A twisted 1998 no-budgeter about a disturbed young man who attempts to turn his hetero-male roommate into Dorothy, the perfect woman. While it’s no masterpiece, SURRENDER DOROTHY is grotesque, funny and endlessly thought provoking, and has won a number of awards at various film festivals. One thing it hasn’t managed to do, though, is secure a legitimate theatrical release. An injustice? Most certainly, and one that occurs far too often.
Let’s face it: the American “indie” film movement is pretty much dead. A once daring company like Miramax (who in its heyday released ballsy fare like THE COOK, THE THIEF, HIS WIFE AND HER LOVER and PULP FICTION) now fills its release roster with drivel like BRIDESHEAD REVISITED, and everybody else seems to be following suit. The Shooting Gallery, who at one point appeared to be the savior of the indie film industry, has long since filed for bankruptcy, while high-profile companies like Lionsgate continue to shun edgy fare (the latter company dumped the theatrical release of the hotly anticipated MIDNIGHT MEAT TRAIN in favor of the crappy Kate Hudson vehicle MY BEST FRIEND’S GIRL…need I say more?). The days when a daring and uncompromising item like SURRENDER DOROTHY could be picked up and released by even a minor company look to be, sadly, in the past.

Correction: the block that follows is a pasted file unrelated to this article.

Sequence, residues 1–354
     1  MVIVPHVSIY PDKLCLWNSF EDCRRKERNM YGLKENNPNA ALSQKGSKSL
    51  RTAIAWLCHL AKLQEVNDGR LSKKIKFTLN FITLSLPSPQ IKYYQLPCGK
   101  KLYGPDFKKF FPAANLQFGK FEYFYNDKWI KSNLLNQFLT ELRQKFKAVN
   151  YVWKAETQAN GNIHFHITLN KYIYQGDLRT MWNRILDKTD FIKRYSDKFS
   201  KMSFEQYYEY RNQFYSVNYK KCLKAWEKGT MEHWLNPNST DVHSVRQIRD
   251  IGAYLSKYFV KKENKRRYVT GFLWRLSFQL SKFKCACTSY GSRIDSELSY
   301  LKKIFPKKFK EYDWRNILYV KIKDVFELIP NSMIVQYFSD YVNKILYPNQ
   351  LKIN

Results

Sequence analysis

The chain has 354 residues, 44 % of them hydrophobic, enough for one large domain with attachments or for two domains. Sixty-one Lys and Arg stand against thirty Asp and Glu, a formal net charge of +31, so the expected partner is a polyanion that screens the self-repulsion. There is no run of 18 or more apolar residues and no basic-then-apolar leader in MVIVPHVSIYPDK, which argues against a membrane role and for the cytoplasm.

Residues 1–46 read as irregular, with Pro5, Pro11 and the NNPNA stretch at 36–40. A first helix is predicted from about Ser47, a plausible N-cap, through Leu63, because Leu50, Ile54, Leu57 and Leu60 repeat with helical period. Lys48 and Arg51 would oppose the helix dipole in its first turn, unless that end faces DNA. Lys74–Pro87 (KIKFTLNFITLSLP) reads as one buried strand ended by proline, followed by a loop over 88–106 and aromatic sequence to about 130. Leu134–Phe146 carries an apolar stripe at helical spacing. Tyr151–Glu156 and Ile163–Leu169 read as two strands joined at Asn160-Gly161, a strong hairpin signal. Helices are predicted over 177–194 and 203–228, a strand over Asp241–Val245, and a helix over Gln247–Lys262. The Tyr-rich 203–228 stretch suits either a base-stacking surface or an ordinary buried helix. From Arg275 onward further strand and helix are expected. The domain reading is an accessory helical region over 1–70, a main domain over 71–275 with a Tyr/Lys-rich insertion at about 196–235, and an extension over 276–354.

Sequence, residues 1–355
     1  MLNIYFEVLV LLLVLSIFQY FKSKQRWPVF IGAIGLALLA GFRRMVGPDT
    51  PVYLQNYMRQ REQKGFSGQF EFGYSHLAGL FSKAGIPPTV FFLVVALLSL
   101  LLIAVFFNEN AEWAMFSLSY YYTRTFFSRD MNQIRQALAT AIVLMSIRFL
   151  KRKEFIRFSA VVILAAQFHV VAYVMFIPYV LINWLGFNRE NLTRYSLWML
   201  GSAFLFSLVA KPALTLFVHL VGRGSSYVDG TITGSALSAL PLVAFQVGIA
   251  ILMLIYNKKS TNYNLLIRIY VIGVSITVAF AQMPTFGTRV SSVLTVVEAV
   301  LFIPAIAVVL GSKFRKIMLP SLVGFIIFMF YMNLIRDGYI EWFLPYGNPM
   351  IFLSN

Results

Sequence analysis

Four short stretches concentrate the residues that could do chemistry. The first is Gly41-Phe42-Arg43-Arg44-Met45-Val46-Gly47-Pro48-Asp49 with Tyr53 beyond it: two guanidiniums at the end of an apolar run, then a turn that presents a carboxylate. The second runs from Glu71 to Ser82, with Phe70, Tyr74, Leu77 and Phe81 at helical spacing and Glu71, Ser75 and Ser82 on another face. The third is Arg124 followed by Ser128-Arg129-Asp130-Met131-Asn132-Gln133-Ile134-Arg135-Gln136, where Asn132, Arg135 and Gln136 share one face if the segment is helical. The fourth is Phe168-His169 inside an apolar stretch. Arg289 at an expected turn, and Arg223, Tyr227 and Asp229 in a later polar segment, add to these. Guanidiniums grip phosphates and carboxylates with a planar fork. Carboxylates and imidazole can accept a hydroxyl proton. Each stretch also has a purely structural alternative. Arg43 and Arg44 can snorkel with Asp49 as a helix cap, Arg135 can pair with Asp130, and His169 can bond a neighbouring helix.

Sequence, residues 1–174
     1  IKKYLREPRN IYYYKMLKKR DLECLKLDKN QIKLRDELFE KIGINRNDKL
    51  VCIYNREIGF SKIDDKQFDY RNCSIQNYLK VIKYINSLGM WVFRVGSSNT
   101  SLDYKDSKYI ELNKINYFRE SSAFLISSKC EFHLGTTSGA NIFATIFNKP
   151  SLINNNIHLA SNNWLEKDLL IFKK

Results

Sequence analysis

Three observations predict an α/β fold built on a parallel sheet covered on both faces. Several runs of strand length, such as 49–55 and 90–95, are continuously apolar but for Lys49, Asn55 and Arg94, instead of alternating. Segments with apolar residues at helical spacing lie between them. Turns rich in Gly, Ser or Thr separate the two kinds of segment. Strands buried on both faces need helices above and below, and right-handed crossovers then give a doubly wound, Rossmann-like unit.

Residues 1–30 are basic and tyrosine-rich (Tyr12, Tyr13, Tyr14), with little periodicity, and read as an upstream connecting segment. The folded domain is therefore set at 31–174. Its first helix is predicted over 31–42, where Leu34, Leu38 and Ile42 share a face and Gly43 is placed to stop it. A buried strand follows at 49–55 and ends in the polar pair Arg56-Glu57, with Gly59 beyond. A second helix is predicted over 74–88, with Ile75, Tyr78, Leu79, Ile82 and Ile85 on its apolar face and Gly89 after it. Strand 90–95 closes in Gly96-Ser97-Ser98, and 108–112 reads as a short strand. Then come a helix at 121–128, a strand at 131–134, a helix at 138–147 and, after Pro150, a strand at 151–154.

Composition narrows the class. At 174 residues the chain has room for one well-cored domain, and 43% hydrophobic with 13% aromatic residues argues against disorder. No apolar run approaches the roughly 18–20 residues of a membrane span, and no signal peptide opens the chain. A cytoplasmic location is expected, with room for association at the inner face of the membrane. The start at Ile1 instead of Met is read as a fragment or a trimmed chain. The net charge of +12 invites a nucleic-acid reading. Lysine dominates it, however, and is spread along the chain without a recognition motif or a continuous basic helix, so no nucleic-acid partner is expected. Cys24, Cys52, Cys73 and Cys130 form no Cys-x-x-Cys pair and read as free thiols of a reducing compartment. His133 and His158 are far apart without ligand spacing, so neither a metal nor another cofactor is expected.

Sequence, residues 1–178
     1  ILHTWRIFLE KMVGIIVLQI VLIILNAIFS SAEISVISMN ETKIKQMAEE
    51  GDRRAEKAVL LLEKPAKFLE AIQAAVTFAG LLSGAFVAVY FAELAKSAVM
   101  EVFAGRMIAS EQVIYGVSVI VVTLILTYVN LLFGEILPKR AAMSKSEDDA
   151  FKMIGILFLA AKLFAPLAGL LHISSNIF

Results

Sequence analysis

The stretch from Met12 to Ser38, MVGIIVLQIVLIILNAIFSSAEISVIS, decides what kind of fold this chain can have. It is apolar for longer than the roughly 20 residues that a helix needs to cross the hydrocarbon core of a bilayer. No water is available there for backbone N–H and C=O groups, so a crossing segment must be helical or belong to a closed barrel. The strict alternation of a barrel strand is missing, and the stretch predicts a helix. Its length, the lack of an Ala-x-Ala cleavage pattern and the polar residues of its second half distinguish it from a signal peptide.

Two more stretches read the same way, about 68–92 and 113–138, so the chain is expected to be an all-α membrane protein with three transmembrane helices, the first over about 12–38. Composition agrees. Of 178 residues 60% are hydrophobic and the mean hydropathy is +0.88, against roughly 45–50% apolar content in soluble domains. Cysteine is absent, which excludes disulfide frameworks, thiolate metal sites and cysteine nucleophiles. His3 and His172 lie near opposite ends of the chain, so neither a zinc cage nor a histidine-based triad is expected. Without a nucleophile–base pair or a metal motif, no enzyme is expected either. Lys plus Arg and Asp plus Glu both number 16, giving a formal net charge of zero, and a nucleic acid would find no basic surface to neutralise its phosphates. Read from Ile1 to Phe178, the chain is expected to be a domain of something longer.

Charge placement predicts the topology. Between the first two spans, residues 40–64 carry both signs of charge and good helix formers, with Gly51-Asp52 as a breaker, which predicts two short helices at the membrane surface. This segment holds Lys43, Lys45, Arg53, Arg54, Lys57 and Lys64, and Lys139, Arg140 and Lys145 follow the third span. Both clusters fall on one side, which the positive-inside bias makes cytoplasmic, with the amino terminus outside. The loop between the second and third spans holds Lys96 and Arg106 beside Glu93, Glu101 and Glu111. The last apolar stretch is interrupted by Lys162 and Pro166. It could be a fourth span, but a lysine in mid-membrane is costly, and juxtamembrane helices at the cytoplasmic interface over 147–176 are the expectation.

Trevor, a borderline nut with a serious fear of women, lives with his buddy Lahn in a vast, freaky apartment (left unexplained is how they can afford the place when one is a dishwasher and the other an unemployed smack addict). Trevor dreams endlessly of women, but can’t seem to bring himself to go near any, which leads him into some decidedly dangerous situations, like masturbating with a fork in his mouth (which ends exactly like you’d think it would) and soliciting a prostitute with a psychotic pimp.
Eventually, Trevor works out a bargain with the good-for-nothing Lahn: he’ll supply the smack and pay the rent if the other becomes Dorothy, the perfect woman. Naturally, the heterosexual Lahn isn’t too pleased about this, but finds himself powerless to resist as Trevor’s obsession takes some increasingly menacing turns.
The multi-talented Kevin Dinovis wrote, produced and directed this film, and played Lahn to boot. He’s made a typical no-budget production in many ways, with dark, grainy black and white photography, muddy sound design and oft-stilted acting. It’s done with great skill, though, and a Lynchian sense of (dark) humor that helps carry us over the rough spots (like a series of annoying montages that drag on far too long). Functioning both as an offbeat thriller and a psychological case study, this seriously bizarre film should either repulse of amuse you—or, ideally, it will accomplish both.
Director/Screenwriter/Editor: Kevin Dinovis
Producer: Richard Goldberg
Cinematography: Jonathan Kovel
Cast: Peter Pryor, Kevin Dinovis, Jason Centeno, Elizabeth Casey, Marcos Muniz, Keri Merboth